In my Indieweb Syndication code I was looking for a way to DRY-up two similar methods. I knew what I wanted to do, but wasn't sure how to do it. I wanted to have some kind of template method (you'll have to excuse me if my terminology is wrong) with placeholders for the parts where code diverged. I.e. I was thinking something along the lines of liquid or erb templates/placeholders for web pages but for actual code generation.

Here is a simplified example of what I started with:

def get(item)
    succeeded = false
    failed = false

    until succeeded | failed
        response = open("http://somewhere.com/?get=#{item}")
        response_json = JSON.parse(response.string)
        if (response.status[0] == "200") & response_json["posts"].any?
            #Same code here for get and add
            succeeded = true
        elsif (response.status[0] == "200") & response_json["posts"].empty?
            #Same code here for get and add
            failed = true
        end
    end
    succeeded
end

def add(item)
    succeeded = false
    failed = false

    until succeeded | failed
        response = open("http://somewhere.com/?add=#{item}")
        response_json = JSON.parse(response.string)
        if (response.status[0] == "200") & (response_json["result_code"] == "done")
            #Same code here for get and add
            succeeded = true
        elsif (response.status[0] == "200") & (response_json["result_code"] == "item already exists")
            #Same code here for get and add
            failed = true
        end
    end
    succeeded
end

You can see the two methods share an overall structure and also pieces of code within that structure. It would have been easy to write methods for the shared pieces of code within the conditionals, but that would have still left me with duplicated structures. After lots of reading around (it's odd how all useful Ruby posts seem to have been written around 2006-2008) I came up with this idea:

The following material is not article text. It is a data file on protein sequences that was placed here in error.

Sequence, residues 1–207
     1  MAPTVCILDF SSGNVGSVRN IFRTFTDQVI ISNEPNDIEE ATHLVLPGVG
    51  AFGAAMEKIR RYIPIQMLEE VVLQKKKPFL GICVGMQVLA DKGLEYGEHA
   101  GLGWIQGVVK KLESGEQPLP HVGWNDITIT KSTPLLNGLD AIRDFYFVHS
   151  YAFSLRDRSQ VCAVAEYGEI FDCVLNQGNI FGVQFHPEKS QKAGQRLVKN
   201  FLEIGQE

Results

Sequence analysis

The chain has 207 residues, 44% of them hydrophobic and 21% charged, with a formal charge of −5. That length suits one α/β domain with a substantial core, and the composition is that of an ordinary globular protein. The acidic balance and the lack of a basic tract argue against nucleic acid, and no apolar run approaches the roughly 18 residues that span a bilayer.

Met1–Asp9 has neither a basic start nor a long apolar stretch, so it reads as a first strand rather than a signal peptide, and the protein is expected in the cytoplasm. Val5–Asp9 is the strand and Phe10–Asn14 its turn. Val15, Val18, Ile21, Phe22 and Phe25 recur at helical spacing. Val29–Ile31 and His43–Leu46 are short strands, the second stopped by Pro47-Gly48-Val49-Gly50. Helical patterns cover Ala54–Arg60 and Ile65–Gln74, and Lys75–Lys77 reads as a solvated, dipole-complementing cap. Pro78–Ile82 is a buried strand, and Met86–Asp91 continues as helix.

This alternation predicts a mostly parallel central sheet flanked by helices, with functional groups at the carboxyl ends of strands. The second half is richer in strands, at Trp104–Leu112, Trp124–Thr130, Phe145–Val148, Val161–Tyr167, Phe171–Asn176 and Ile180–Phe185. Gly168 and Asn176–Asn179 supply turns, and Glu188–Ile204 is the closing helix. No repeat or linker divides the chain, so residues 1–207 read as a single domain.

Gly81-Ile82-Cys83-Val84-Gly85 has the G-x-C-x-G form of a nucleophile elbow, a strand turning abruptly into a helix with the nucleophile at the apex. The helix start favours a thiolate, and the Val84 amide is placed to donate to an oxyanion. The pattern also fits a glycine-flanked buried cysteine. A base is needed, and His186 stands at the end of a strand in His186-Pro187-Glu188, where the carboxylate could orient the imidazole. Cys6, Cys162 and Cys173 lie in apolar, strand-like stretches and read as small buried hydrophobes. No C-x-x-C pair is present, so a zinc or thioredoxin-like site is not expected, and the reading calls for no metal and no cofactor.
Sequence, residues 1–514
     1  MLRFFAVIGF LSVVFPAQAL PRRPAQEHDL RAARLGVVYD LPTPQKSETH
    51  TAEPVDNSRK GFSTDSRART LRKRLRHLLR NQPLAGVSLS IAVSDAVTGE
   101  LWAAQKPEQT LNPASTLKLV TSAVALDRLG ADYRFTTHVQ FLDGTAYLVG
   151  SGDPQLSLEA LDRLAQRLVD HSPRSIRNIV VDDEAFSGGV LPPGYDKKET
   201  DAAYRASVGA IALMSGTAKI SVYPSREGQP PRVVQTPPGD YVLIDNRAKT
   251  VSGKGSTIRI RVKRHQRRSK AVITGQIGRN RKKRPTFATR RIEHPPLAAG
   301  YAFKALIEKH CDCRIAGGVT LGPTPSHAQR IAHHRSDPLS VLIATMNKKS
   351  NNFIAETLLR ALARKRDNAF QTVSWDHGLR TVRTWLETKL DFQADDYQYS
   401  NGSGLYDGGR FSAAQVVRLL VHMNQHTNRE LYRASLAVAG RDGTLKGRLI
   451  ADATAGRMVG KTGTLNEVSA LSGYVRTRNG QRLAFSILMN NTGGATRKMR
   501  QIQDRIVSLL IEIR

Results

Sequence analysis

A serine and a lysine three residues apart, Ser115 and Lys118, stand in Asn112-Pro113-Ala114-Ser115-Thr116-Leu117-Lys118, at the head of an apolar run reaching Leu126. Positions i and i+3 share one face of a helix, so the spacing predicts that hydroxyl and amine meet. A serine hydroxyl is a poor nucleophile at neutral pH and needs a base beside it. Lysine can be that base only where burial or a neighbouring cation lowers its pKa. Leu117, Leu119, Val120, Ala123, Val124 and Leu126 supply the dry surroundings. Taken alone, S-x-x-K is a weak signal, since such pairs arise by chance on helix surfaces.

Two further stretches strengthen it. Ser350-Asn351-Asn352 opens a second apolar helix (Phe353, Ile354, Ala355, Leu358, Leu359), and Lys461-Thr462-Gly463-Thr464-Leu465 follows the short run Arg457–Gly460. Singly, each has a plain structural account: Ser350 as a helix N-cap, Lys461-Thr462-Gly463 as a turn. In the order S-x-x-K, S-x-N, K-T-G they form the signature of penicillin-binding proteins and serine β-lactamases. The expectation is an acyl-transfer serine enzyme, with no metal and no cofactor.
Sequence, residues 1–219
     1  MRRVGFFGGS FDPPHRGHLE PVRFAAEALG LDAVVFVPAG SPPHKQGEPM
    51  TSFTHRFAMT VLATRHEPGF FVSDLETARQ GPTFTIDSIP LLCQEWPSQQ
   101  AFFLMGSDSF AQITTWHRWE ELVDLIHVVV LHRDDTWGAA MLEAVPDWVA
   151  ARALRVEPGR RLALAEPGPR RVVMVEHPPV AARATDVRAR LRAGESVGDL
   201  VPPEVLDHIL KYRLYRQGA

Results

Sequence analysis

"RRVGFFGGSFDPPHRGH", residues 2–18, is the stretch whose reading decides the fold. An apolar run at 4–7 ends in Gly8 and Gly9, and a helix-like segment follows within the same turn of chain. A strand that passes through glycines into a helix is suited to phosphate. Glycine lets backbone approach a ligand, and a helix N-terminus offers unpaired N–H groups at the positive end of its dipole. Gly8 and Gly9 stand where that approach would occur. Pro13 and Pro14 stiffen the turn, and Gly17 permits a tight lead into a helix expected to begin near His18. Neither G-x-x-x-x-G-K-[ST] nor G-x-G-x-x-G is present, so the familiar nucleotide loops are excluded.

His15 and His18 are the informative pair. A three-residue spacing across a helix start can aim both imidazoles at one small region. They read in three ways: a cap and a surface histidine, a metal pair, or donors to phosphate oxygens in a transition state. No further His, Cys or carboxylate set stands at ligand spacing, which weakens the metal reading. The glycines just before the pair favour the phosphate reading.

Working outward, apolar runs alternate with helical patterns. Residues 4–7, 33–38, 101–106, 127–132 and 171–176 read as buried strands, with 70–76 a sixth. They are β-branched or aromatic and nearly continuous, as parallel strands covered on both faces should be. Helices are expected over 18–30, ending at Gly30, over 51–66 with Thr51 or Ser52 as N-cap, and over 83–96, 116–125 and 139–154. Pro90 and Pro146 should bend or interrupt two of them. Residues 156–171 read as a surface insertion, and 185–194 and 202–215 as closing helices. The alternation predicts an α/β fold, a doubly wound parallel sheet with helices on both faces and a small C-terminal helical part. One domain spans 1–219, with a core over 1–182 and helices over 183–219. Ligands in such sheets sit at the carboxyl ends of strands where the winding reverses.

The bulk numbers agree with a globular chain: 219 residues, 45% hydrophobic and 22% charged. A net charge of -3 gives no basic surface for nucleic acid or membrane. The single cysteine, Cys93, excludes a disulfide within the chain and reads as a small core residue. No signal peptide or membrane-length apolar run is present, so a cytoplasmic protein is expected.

{ 
    "get" => {
        "lambda_1" => lambda { |response_json| response_json["posts"].any? },
        "lambda_2" => lambda { |response_json| response_json["posts"].empty? },
    },
    "add" => {
        "lambda_1" =>  lambda { |response_json| (response_json["result_code"] == "done") },
        "lambda_2" => lambda { |response_json| (response_json["result_code"] == "item already exists") },
    }
}.each do |method, lambdas|
    define_method(method) do |item|

        succeeded = false
        failed = false

        until succeeded | failed
            response = open("http://somewhere.com/?#{method}=#{item}")
            response_json = JSON.parse(response.string)
            if (response.status[0] == "200") & lambdas["lambda_1"].call(response_json)
                #Same things here
                succeeded = true
            elsif (response.status[0] == "200") & lambdas["lambda_2"].call(response_json)
                #Same things here
                failed = true
            end
        end
        succeeded
    end
end

This uses a hash to hold the code differences for each method, via the use of a lambda. This hash is then looped through and define_method used to build the methods, with the appropriate lambda "replacing" the "placeholders".

This is perhaps a bit messy, but I don't mind it as it is just for me. I could tidy up the visual appearance of it somewhat just by not attaching the .each do on the hash definition directly and instead using a variable.

There are pros and cons of this approach. The lambdas are a bit verbose. I.e I have to have lamba { |response_json| response_json["posts"].any? } whereas if this was just a text placeholder it would only be response_json["posts"].any?. Also, the placeholders aren't true placeholders because you have to remember to call the required variable in the lambda. But, on the plus side there is no use of eval and all code is proper code; it probably would have been possible to use liquid/erb to achieve the same end result, but I'm pretty sure I would have not been able to escape using eval or having to define certain parts of code as text.

You almost certainly don't want to write code like I do, but if you are interested here is the actual before and after code.